Not all holy artwork is produced by “big names” however. I remember walking into the Academia in Florence, Italy, where the first gallery is packed with sculpture and altarpieces by little-known artists. Surrounded by such an expression of religious devotion I nearly fell to my knees, overcome by all the beauty.

Architecture is perhaps uniquely suited to draw one upwards. The great cathedrals do this literally, with their soaring ceilings. But the plain elegance of Lawrencefield’s interior has this effect too. There is something here of peace, order, spaciousness and timelessness.

Music, too, lifts one out of oneself. I have been left in tears by performances of opera, and also by Beethoven’s Ninth Symphony. We are fortunate here at Lawrencefield to have an accomplished musician in organist Martin McDonald, whose performances and accompaniments are sublime.

In the Episcopal Church, we are particularly blessed by the beauty of words. Our Prayer Book is a masterpiece, combining portions of the Bible with some of the noblest language ever to come from the pen of a human being. Our hymnbook too is filled with poetry that combines theological fineness with graceful wording. That is one reason I encourage people who choose not to sing along with the hymns to at least open the Hymnal and read the words. They really do make the liturgy flower.

Finally there is the beauty of human relationship: “all that is gracious in the lives of men and women,” in the words of the Prayer Book. Acts of love and generosity are always beautiful, and reflect God better than anything I have described so far. Humans are sometimes at their most beautiful when the ambient situation is least beautiful: the chaplain who passes the life ring to another sailor as their ship goes down; the men and women who took the warm coats off their own backs for a cold child on a park bench; the soldier who throws himself on a live grenade to save civilians…. Christ on the cross.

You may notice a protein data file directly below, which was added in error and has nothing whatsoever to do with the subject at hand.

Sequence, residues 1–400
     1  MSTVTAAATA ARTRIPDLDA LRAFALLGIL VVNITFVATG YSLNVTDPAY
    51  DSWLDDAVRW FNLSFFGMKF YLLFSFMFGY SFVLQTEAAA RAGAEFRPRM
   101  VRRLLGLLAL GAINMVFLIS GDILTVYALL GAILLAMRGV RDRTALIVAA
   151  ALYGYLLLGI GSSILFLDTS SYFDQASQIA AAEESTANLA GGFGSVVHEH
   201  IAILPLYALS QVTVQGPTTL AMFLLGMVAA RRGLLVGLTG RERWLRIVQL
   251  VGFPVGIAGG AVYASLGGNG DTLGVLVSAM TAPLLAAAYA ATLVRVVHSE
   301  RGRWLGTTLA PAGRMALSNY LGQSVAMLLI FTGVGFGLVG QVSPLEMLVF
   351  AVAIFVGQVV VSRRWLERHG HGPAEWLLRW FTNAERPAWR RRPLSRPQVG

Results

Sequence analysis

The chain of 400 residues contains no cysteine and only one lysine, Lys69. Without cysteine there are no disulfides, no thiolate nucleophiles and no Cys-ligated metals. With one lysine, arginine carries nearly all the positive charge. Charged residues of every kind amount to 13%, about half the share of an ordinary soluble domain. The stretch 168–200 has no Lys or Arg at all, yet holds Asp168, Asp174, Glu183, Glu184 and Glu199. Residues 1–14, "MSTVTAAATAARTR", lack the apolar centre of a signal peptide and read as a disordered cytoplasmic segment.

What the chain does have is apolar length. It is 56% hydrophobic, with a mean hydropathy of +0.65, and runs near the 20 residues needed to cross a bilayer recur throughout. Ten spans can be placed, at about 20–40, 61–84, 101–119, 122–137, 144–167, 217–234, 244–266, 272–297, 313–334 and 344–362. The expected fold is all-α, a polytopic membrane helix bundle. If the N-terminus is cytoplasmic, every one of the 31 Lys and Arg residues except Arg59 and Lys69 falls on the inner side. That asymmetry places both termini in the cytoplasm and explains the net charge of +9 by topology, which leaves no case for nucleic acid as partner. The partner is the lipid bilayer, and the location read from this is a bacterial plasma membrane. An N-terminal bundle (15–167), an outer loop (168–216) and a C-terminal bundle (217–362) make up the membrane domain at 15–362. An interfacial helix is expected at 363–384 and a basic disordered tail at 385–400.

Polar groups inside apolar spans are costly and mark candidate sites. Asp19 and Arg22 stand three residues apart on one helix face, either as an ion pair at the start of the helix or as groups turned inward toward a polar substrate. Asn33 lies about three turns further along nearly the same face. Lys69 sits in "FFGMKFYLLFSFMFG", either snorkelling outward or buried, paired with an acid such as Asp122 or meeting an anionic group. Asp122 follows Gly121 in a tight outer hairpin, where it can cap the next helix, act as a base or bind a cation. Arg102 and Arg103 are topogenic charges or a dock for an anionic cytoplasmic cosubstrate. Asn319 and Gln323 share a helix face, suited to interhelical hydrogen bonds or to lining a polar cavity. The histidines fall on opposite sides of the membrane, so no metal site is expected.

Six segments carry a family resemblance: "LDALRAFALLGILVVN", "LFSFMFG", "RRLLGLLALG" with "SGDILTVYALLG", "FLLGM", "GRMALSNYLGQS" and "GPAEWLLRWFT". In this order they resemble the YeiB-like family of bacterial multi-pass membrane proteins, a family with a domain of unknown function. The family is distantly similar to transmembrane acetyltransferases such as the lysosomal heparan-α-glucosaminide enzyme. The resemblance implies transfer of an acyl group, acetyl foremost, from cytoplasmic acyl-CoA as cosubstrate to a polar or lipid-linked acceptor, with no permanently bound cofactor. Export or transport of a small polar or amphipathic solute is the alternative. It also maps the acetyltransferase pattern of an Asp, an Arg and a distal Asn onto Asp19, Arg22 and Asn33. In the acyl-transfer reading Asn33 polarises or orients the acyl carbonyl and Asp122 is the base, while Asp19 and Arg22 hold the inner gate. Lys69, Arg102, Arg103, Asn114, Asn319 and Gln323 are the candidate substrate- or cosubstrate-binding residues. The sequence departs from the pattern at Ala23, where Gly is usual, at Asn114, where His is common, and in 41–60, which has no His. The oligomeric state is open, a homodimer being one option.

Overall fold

Lent, the season we now enter, is supposed to be a serious time. We strip our liturgy of “alleluias;” our altar is bare of flowers. But this is no time to eschew beauty. Indeed, the “beauty of holiness” is ours at this time as much as any other.

If favored foods or activities are given up this Lent, let it be because we seek things of deeper and holier beauty.

Vestry Vibes

Summary of the February 16 Vestry Meeting:

  • Loan – Rev. Walter reviewed the loan expenditures.
  • Rev. Walter's Sabbatical – Rev. Walter asked for a volunteer to be “point person” for the first stage of her sabbatical for four weeks in June and July, answering phone messages and polling the vestry by email if decisions need to be made in her absence. Dave Duymich volunteered and will so serve. Rev. Walter will seek supply clergy coverage for the Sundays she is away.
  • Annual Parochial Report as prepared by the rector was circulated and received vestry certification. It will be submitted to The Episcopal Church headquarters in New York and to the Diocese of West Virginia as required by canon.
  • Senior Warden – No report.
  • Junior Warden – No report.
  • Stewardship – The Stewardship Committee will meet April 3.
  • Budget Committee – will meet this coming week.
  • Soup Kitchen – Volunteers are needed for the March and April soup kitchen.
  • Church Apparel – The last T-shirts have been sold.
  • Financial Report and Minutes were received and approved.
  • Coming Events – Lent and Holy Week worship schedules were reviewed. The Easter Vigil will continue to be held at Lawrencefield though no longer officially supported by the Wheeling Cluster.
    Rev. Walter reported that there will be a diocesan Acolyte Festival in Morgantown on April 5. She will see that all of our acolytes are notified and see if we can take a carload that she will chaperone.
    Since the third Sunday of the month, usually the day designated for vestry meetings, falls on Easter Day in April, the Vestry voted to hold the April Vestry meeting on the fourth Sunday, April 27.
    Tuesday, March 4, 2014, Lawrencefield will have a 6:00 p.m. Shrove Tuesday service and a Mardi Gras supper to follow the service.
    Wednesday, March 12, 2014, Lawrencefield will host and Rev. Walter will present at the first Cluster Lenten class at St. Matthews.